Coronary Artery Disease

Coronary Artery Disease (CAD) develops when the arteries that supply blood to your heart become narrowed or blocked by a build-up of fatty deposits called plaque. As a result, it gets harder for the arteries to supply blood to the heart.

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Coronary Artery Disease Symptoms

Symptoms of CAD may include:

  • Chest pain (angina)
  • Shortness of breath
  • Heaviness in the chest
  • Pain in the jaw or down the arms
  • Heartburn
  • Nausea
  • Vomiting
  • Heavy sweating

Coronary Artery Disease (CAD) develops when the arteries that supply blood to your heart become narrowed or blocked by a build-up of fatty deposits called plaque. As a result, it gets harder for the arteries to supply blood to the heart.

Risk Factors for Coronary Artery Disease

There are several risk factors for CAD. Certain risk factors are beyond your control, including:

  • Age
  • Family history of heart disease

However, majority of risk factors can be controlled. When addressed successfully, these factors can reduce the risk of further heart disease:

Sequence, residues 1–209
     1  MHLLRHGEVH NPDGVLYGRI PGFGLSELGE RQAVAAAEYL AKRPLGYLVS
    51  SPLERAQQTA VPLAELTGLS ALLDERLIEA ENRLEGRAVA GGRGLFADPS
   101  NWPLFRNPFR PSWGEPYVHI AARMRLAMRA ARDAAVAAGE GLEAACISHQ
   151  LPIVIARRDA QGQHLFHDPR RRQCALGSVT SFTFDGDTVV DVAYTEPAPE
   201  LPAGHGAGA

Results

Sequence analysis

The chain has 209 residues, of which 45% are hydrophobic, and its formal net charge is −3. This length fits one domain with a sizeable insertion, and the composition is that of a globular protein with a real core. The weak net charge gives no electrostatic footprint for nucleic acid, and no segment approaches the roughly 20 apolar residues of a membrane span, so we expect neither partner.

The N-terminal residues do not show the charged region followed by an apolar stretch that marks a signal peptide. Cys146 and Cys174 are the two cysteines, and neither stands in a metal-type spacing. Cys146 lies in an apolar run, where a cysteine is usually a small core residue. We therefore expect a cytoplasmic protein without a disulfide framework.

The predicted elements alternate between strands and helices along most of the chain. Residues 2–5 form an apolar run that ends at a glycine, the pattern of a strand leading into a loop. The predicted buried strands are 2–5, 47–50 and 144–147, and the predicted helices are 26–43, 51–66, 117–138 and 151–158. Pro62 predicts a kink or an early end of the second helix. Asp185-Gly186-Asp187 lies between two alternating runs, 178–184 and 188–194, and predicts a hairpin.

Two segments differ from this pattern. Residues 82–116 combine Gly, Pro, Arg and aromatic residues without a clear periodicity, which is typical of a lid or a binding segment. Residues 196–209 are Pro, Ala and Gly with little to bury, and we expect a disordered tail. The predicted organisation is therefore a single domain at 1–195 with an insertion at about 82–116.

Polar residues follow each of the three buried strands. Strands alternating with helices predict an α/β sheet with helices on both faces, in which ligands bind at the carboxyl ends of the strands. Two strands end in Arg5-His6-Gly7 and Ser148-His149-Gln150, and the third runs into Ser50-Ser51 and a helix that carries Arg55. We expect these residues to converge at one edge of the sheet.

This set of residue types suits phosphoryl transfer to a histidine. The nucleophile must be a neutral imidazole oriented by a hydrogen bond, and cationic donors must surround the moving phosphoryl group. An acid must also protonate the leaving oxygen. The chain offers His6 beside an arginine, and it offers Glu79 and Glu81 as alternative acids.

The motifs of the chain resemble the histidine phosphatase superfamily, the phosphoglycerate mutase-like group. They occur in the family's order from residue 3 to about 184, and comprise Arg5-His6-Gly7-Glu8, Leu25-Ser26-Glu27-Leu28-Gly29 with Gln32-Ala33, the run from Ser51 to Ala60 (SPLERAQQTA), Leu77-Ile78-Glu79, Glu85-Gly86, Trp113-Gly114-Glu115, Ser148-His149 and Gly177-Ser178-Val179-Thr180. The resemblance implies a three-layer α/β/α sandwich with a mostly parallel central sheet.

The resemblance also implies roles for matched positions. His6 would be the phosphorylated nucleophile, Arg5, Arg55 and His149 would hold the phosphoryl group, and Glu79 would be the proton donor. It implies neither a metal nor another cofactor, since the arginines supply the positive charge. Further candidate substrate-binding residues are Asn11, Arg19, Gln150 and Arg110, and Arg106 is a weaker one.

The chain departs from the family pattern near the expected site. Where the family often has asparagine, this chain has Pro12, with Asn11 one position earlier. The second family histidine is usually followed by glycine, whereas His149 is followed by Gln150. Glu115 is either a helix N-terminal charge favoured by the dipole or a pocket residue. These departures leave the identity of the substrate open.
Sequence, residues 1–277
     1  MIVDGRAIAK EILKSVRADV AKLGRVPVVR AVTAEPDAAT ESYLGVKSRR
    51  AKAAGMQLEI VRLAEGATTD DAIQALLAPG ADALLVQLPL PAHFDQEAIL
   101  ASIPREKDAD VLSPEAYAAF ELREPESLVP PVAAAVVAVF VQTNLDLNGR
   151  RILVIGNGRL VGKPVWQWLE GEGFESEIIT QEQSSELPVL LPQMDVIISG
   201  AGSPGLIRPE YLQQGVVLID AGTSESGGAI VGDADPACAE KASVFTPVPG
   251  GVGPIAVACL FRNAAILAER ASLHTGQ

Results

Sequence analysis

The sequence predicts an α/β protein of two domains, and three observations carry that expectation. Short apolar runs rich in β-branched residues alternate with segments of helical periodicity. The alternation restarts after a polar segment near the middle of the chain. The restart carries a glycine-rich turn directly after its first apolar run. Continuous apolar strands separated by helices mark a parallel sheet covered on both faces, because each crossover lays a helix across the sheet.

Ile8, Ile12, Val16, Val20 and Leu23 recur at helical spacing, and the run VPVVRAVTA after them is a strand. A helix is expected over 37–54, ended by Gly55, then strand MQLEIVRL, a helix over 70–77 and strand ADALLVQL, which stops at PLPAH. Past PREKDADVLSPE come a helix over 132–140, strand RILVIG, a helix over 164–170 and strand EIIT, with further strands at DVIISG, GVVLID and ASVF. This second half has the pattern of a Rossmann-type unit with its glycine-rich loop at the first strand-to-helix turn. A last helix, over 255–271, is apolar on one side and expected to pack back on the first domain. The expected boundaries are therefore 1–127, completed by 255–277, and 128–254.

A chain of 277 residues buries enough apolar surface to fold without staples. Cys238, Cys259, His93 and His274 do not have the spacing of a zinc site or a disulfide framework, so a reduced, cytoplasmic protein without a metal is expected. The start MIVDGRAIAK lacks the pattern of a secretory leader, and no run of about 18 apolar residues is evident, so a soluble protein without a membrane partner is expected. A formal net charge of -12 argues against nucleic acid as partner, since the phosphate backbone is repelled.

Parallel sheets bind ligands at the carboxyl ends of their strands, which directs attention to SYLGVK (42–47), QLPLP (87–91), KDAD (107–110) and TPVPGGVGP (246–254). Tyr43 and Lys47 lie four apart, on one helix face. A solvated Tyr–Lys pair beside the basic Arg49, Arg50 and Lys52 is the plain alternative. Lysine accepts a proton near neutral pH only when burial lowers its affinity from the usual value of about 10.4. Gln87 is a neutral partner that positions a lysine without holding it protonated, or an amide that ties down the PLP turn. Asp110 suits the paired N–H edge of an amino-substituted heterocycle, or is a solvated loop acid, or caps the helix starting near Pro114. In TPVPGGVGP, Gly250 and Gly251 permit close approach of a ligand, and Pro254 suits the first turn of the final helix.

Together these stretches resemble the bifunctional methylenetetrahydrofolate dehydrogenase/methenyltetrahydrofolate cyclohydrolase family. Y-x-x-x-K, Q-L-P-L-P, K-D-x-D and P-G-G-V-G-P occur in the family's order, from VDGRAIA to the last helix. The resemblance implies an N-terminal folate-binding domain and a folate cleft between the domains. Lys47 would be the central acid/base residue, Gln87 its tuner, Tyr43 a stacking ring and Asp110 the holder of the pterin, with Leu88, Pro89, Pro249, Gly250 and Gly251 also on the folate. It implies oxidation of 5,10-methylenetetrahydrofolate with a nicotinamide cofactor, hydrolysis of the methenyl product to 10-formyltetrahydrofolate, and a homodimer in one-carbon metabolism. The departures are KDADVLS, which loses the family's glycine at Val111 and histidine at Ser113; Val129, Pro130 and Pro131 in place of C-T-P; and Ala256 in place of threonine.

• Smoking decreases the amount of oxygen delivered to the heart, and increases the risk of developing deadly blood clots.
  • Obesity or excess body fat, particularly around the waist, can be a cause of increased blood pressure and high blood cholesterol.
  • Lack of physical activity or an inactive lifestyle may contribute to CAD.
  • High blood pressure places a strain on the heart and directly damages blood vessels, making it easier
  • for plaque to form. Diabetes causes excess sugar to build up in blood vessels and damages nerves.
  • High cholesterol in the blood can lead to atherosclerosis, or the build-up of thick, fatty plaque that clogs arteries.

Diagnosing Coronary Artery Disease

If your doctor suspects that you have CAD, you’ll likely be asked to take a physical exam to check your heart and see how well it is working. Some of the tests used to diagnose CAD include:

1. Electrocardiogram (ECG)
Records your heart’s electrical activity to identify an abnormal heartbeat or damage to the heart muscle.

2. Stress test
Evaluates your heart rate and rhythm while you are exercising.

3. Echocardiogram
Measures the chambers and heart function using sound waves and check your valves and major blood vessels.